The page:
School of Veterinary Medicine - Department of Veterinary Hygiene and Public Heath , UNESP, Botucatu - SP, Brazil
Canine brucellosis caused by Brucella canis (B. canis ) is a infectious disease responsible for abortions in females and orchitis in males. The prevalence of the disease is variable according to the region and diagnostic methods used. B. canis, in Brazil, has been detected through serology as well bacteriology demonstrating the emergency of the disease.
This paper reports the isolation of B. canis from a canine foetus necropsized in the animal infectious disease sector at School of Veterinary Medicine and Zootechny -UNESP/Botucatu-SP, Brazil. The abortion occurred at the last period of gestation and the female had no clinical symptoms. This animal came from a little kennel, without brucellosis and reproductive control and where several dogs resulted serologically positive to B. canis. The foetus around 55 days in development was necropsized. The fetus was intact, and macroscopic evaluation showed hepatomegaly. Fragments of fetal kidneys, lung and liver as well female blood and vaginal swab were cultured on defibrinated sheep blood agar (5%) and MacConkey agar, in aerobic and microaerophilic conditions. Pure cultures of Gram-negative coccobacilli were isolated from all fetal tissues in sheep blood agar72hs after. The isolate was oxidase-positive, urease-positive, thionin and basic fuccine positive and H2S and CO2negative. These microorganisms were characterized as Brucella canis.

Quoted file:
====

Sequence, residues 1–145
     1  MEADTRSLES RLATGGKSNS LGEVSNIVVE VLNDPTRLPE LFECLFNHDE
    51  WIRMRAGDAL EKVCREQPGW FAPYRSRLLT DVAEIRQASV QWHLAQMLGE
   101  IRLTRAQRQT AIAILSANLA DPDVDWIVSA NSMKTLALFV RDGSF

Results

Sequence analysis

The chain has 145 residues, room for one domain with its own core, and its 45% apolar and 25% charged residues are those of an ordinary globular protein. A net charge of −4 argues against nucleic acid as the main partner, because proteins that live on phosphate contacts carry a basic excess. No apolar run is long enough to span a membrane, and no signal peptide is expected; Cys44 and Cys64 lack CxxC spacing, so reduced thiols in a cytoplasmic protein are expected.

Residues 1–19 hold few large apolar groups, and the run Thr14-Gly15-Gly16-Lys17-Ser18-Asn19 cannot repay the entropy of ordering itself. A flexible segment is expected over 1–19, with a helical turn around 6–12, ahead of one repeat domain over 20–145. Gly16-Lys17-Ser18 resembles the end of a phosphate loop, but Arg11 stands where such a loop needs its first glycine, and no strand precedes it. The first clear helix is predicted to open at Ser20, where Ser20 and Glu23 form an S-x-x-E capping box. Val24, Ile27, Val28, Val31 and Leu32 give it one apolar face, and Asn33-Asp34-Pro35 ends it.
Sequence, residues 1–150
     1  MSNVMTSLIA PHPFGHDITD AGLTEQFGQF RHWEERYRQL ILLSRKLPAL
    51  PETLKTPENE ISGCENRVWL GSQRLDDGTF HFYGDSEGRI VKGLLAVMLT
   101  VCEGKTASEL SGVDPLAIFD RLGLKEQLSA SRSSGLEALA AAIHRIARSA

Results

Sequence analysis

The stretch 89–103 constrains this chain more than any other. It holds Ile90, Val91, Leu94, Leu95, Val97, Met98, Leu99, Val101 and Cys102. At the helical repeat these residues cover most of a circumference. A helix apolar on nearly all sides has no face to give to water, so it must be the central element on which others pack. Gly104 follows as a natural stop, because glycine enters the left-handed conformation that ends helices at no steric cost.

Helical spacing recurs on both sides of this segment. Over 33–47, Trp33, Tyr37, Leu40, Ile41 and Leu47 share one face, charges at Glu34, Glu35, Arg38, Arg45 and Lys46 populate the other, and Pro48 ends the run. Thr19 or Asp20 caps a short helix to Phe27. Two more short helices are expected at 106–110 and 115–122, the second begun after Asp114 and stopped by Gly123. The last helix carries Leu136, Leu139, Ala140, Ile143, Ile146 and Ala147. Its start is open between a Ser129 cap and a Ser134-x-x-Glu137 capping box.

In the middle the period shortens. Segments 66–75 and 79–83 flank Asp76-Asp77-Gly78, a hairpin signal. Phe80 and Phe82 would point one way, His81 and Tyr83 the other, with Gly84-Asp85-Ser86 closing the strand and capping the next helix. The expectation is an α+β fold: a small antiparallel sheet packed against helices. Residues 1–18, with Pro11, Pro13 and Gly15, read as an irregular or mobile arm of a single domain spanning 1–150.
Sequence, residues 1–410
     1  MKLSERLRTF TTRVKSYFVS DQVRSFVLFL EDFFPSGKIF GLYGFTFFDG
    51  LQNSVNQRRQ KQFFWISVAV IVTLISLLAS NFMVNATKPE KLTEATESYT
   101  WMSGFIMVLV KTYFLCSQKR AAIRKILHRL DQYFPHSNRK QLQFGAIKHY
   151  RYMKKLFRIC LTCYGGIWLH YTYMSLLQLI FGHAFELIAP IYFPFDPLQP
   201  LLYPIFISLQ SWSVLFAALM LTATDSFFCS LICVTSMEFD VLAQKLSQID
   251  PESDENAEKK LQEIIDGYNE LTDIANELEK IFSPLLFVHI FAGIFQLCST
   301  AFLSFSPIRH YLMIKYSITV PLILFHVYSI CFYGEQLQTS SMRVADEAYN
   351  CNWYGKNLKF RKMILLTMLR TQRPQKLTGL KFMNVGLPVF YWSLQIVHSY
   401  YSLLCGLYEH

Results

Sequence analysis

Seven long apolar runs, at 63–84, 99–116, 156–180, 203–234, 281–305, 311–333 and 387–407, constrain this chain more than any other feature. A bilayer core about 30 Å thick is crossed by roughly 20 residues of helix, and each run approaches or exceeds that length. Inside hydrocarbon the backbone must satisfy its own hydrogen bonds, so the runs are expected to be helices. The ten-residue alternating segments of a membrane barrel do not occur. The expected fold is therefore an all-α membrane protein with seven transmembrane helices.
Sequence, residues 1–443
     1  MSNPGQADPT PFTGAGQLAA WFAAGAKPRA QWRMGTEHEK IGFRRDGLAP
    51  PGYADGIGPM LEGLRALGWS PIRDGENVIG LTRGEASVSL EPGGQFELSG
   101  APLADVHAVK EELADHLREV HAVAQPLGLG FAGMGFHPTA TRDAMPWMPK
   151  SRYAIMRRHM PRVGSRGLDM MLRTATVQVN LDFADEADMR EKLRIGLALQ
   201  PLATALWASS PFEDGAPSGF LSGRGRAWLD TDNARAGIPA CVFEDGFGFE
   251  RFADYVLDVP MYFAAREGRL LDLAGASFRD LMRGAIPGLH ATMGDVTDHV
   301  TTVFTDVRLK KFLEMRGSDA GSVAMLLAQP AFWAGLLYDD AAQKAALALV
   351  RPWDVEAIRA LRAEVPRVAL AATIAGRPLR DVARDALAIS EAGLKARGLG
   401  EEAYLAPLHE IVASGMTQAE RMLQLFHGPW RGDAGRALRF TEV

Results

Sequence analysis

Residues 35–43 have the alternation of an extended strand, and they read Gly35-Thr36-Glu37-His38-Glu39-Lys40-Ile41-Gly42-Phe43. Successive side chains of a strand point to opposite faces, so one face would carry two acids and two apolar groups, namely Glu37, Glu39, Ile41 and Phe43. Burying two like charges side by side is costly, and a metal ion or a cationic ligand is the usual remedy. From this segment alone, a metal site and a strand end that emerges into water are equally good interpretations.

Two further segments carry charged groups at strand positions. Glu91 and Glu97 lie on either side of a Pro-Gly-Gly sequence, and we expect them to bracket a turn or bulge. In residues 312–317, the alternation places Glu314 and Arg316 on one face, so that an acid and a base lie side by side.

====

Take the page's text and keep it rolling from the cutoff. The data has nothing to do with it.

Female serum was obtained two weeks after the abortion and resulted positive to rapid agglutination test with and without 2-mercapthoetanol (DTec-CB- Symbiotics) and immunodiffusion agar test but negative to Brucella abortus when tested by Rose Bengal test.
Serological positivity in kennels correlated with absence of canine brucellosis control and good reproductive measures has been reported by several authors. The isolation of B. canis reported here was correlated with serological positive results in the female as well in the kennel associated with absence of adequate reproductive and hygienic conditions and brucellosis control reinforcing the importance of these aspects in maintaining the disease.
The zoonotic potential of the disease must be reinforced as B. canis can be eliminated by reproductive secretions and abortion representing a risk to public health.